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Image caption Disney+ soaked up more than half of the new subscriptions to online streaming services in the UK during lockdown, Kantar’s data suggests

One in five households in Britain – six million – signed up to an online video subscription service during the Covid-19 lockdown, data suggests.

The majority of those sign-ups, 52%, are going to Disney+, according to market research firm Kantar.

The most-enjoyed piece of content, though, was Netflix’s exclusive documentary series Tiger King.

AppleTV+ struggled to engage TV viewers, however, according to the research.

Kantar’s data shows the tech giant’s TV service was popular on smartphone and tablet devices, but lagged behind competitors in terms of TV screen viewing.

“It’s been a huge quarter for streaming in the UK. We can certainly associate a good deal of that with the current lockdown situation,” Dominic Sunnebo, senior vice president at Kantar, told the BBC.

Mr Sunnebo also noted the instant popularity of Disney+, which only launched in the UK on 24 March.

“Of people who are in the video streaming sector already, one in five now have a Disney+ streaming subscription,” he said. “It’s unheard of.”

There are now, on average, 2.3 online video subscriptions per household in the UK.

New to streaming

Although comparable data is not available for previous years, Mr Sunnebo said that because of the launch of new services such as Disney+, it was safe to assume that the average number of online video subscriptions had risen comfortably in the last couple of years.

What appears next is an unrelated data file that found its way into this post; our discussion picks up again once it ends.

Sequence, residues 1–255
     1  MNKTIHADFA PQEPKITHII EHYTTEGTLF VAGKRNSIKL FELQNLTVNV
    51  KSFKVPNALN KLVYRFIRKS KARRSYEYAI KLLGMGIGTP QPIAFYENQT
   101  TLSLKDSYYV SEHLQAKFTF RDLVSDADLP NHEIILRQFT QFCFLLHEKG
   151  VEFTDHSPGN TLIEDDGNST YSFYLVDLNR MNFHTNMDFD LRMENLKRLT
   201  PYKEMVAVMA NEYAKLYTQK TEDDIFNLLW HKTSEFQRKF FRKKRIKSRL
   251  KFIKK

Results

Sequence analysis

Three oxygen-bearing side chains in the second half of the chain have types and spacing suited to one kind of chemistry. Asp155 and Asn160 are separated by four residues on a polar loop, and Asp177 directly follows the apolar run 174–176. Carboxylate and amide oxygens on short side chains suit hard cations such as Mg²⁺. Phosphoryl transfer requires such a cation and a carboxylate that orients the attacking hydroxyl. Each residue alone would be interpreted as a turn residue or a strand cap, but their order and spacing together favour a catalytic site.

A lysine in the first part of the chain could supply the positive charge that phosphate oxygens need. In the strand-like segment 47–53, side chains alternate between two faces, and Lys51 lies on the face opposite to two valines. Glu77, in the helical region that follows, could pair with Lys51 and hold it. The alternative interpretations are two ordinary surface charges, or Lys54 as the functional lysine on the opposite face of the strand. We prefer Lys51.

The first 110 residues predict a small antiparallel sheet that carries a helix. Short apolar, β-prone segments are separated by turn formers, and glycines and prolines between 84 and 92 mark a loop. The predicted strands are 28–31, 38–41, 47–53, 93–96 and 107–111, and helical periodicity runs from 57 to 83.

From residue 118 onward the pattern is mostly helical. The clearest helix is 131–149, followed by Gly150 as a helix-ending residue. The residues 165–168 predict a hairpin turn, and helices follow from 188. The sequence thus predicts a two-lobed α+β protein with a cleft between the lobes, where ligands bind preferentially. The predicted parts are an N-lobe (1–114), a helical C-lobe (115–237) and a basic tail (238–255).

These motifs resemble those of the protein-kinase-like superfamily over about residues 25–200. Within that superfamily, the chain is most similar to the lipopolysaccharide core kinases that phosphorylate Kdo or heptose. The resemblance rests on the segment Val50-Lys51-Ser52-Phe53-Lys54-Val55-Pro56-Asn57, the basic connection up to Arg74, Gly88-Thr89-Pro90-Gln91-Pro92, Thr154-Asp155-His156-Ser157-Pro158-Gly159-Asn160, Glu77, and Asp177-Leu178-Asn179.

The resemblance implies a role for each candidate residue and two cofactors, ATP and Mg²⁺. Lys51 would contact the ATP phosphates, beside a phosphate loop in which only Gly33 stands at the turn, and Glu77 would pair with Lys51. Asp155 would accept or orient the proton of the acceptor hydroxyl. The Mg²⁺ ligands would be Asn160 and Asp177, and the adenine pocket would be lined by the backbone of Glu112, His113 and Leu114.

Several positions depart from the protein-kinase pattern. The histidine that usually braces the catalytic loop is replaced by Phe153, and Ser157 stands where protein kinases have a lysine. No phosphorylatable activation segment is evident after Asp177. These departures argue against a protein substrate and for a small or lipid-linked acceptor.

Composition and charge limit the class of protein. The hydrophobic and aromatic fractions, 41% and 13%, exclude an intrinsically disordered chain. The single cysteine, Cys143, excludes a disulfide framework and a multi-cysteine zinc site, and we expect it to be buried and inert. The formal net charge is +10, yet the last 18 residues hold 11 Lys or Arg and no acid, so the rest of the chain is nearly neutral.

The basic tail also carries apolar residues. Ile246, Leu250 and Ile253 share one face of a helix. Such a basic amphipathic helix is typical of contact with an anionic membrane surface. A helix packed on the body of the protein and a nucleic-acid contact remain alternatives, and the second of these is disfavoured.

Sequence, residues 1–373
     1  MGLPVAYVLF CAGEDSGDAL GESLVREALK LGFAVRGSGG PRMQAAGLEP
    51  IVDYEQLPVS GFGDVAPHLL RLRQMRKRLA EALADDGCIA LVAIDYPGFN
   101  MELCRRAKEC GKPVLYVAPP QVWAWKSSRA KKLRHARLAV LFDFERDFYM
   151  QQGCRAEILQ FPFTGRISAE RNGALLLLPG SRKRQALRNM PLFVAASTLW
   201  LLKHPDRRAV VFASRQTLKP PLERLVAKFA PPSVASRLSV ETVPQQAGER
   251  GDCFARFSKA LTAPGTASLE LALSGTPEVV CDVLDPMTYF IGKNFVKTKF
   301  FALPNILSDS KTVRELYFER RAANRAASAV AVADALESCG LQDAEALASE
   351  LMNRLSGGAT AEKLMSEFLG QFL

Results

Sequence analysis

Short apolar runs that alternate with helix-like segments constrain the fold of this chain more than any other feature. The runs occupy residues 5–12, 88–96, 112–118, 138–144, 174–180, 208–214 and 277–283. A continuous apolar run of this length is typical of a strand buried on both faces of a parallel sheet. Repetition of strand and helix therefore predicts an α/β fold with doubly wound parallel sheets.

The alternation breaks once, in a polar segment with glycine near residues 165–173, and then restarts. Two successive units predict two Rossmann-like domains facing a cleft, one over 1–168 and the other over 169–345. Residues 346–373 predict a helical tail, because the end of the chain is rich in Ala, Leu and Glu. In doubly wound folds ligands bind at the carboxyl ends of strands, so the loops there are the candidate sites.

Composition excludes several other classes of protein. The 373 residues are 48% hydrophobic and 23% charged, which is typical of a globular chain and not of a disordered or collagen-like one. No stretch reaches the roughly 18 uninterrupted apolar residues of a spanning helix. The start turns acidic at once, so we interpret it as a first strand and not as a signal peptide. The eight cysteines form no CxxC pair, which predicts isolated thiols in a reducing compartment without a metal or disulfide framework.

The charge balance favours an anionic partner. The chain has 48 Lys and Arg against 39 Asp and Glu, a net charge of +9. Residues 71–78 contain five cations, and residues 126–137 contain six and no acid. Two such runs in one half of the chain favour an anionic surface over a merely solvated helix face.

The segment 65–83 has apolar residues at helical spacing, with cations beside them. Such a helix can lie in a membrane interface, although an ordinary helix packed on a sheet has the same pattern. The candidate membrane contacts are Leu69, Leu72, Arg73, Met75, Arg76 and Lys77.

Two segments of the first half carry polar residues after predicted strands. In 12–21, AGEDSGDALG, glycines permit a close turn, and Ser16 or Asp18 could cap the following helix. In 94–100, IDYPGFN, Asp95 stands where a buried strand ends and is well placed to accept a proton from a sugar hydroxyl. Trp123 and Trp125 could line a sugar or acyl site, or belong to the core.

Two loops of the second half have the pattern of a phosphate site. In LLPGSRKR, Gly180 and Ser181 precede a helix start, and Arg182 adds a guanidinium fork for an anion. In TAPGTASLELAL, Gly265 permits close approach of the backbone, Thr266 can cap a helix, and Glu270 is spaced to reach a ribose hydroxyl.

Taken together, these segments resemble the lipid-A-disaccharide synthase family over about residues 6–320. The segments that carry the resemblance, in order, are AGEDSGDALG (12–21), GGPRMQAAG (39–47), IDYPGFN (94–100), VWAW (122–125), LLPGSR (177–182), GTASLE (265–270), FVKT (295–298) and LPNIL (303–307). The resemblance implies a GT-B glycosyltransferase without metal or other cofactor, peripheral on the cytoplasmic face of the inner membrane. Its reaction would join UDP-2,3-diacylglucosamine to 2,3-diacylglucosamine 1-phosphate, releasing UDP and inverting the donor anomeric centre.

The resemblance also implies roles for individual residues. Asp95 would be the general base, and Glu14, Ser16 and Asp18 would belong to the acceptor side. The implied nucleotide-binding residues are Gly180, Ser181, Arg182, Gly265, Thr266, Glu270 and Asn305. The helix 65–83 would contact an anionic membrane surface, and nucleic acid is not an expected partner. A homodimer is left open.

He added that 36% of new subscriptions between February and April – 2.2 million – were made by people who had never previously signed up to a streaming service.

Kantar’s data is gathered from a panel of 15,000 consumers and interviews with 2,500 new streaming service subscribers each quarter.

Apple struggled to make the same impact with TV viewers, however.

Mr Sunnebo argued that this was probably because that easiest way to access AppleTV+ on a TV screen was through purchasing a separate device, the Apple TV media player.

Apple’s strategy, he said, was to rely on slowly building an audience of viewers happy to pay for this hardware.

“By trying to drive Apple TV sales in the meantime, they’re continuing to generate revenue and biding time to broaden their catalogue of content,” he added.